Film composer honoured for ‘sweeping artistic vision’

Howard Shore is one of the world’s most prolific and original film composers, but he came to York with a very simple melody on Monday.

Here to accept an honorary degree, the creator of the lavish, award-winning score of The Lord of the Rings trilogy delivered sage, but succinct, advice to graduating arts and fine arts students.

"What knowledge you have acquired is only the beginning of a long journey of learning," said Shore. "Knowledge is simply all around you. You should never stop learning."

Left: Howard Shore. Photo by CSi/

"Don’t be afraid of displaying your talents," said one who didn’t identify himself as a composer on his passport until 20 years after being part of the musical group Lighthouse.

"What is talent and how do you need it to succeed?" asked Shore. The Canadian actor "Graham Greene insists he has no talent. He’s just willing to put in the time" it takes. "Willing" is the key word, said Shore. "Don’t be afraid of things that are not easy to do," he said. "Trust your instincts and, above all, have courage."

Shore’s "unparalleled journey" began in 1969 as a founding member of the Canadian band Lighthouse, for which he played flute, saxophone and trumpet, said Phillip Silver, dean of York’s Faculty of Fine Arts, in his introduction. In the 1970s the musician became the first musical director of "Saturday Night Live", for which he wrote the theme music and conducted live broadcasts. At the same time, he began composing for film and established his reputation by collaborating with director David Cronenberg. Over the next three decades, he has scored 11 Cronenberg films, including The Fly, Dead Ringers, Naked Lunch, and A History of Violence, and dozens of other movies, such as Silence of the Lambs, Philadelphia, The Departed, The Aviator and Mrs. Doubtfire.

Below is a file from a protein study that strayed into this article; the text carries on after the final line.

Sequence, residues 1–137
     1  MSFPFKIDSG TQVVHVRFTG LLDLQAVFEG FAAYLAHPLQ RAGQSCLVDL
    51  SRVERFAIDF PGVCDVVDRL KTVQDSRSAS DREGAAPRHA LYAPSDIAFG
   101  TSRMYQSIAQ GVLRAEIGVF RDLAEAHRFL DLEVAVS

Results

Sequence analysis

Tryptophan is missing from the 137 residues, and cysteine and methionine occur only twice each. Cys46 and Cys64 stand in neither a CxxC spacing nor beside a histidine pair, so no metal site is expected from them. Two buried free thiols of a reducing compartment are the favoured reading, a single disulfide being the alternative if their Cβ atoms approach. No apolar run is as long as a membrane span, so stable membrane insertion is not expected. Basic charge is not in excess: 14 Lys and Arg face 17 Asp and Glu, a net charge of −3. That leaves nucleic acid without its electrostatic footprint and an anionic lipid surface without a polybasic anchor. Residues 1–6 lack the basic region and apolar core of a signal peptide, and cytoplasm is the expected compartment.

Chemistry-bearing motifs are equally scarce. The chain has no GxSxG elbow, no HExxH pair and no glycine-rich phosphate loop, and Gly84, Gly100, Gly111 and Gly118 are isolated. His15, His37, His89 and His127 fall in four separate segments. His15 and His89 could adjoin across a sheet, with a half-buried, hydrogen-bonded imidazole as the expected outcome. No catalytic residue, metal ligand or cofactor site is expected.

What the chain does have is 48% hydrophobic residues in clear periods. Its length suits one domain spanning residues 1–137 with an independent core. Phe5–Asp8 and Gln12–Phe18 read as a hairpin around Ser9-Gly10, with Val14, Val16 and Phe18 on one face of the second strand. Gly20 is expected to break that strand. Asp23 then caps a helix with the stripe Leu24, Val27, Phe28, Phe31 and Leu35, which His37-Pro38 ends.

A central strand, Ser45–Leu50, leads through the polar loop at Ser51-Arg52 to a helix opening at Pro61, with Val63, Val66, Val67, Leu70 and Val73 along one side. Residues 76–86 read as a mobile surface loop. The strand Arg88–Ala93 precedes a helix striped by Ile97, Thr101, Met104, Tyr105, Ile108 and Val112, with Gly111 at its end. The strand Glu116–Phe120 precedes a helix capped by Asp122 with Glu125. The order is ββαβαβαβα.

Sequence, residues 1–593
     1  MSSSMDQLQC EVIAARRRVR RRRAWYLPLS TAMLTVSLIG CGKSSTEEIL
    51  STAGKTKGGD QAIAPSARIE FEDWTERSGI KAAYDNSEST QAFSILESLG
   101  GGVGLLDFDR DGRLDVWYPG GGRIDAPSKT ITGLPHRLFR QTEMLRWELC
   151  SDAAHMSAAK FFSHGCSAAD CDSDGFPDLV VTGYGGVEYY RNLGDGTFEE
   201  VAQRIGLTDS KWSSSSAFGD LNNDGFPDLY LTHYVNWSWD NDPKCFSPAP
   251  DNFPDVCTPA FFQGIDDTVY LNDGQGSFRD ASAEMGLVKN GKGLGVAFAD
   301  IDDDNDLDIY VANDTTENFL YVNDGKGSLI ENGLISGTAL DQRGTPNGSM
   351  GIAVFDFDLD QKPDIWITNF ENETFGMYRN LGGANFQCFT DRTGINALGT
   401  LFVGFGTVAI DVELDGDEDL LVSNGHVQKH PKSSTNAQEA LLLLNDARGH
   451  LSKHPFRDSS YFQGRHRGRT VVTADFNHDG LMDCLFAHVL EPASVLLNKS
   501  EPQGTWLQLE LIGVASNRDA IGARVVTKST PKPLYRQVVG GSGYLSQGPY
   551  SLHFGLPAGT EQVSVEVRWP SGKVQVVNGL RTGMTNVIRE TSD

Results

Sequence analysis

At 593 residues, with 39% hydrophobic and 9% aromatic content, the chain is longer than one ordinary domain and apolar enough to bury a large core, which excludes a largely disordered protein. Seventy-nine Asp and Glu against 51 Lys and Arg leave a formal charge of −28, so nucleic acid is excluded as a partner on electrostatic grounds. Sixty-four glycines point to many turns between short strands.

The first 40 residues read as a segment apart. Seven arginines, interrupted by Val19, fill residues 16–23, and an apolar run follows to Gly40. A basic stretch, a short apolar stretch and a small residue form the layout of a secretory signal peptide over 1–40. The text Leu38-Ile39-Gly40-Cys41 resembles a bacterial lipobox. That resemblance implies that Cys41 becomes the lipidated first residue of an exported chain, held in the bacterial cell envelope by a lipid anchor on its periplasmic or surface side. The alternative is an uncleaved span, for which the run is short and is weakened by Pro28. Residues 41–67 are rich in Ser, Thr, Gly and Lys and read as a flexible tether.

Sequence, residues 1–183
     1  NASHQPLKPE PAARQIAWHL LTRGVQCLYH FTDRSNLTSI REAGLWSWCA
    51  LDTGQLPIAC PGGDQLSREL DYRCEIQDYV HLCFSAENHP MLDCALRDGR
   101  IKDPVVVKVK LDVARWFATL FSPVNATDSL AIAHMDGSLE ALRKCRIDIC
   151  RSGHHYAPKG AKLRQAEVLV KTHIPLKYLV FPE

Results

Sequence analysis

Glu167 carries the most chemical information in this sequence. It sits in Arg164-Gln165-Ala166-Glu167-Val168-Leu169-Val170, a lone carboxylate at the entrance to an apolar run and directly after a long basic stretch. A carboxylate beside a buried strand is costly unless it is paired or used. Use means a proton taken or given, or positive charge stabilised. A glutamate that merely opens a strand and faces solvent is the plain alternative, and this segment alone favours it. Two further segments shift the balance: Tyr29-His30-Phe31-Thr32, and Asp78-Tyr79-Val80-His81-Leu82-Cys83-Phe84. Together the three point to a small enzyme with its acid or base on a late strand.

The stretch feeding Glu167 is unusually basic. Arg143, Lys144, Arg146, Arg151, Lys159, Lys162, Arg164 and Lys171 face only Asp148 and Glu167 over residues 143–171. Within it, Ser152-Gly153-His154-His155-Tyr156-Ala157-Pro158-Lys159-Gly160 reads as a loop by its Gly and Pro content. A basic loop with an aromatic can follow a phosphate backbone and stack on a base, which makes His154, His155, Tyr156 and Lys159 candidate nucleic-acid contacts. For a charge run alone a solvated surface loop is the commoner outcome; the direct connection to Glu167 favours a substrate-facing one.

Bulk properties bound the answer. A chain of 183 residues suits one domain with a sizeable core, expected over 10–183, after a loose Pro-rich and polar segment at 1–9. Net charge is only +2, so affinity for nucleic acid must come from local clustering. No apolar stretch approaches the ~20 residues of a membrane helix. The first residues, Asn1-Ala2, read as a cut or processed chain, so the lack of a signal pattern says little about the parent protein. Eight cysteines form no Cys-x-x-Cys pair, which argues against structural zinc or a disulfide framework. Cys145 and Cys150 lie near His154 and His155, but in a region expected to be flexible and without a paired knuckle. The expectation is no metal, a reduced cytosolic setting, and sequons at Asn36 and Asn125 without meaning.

His work reveals "extraordinary musical range, responsiveness and inventiveness woven into the fabric of each film," said Silver. Shore draws upon many styles to create "scores of startling originality," said the dean. "It’s a testament to the depth and power of his music that so many soundtracks have been released and sold so well." Shore is a "genius for collaboration," said Silver.

The Lord of the Rings stands out as Shore’s most original and monumental work. The soundtrack has won three Oscars, four Grammy Awards and two Golden Globes among a slew of awards. The recording has gone platinum six times, and Shore has conducted 40 of 120 multimedia symphonic presentations of the score around the world to date. "It’s an ingenious sonic spectacle," said Silver.

Shore, currently at work on scores for films by Cronenberg and Martin Scorsese and an opera based on The Fly, was recognized by York for his "sweeping artistic vision."

Convocation ceremonies take place this week, daily through Saturday. You can watch live Webcasts of the ceremonies while they are on. Archived versions will also be available.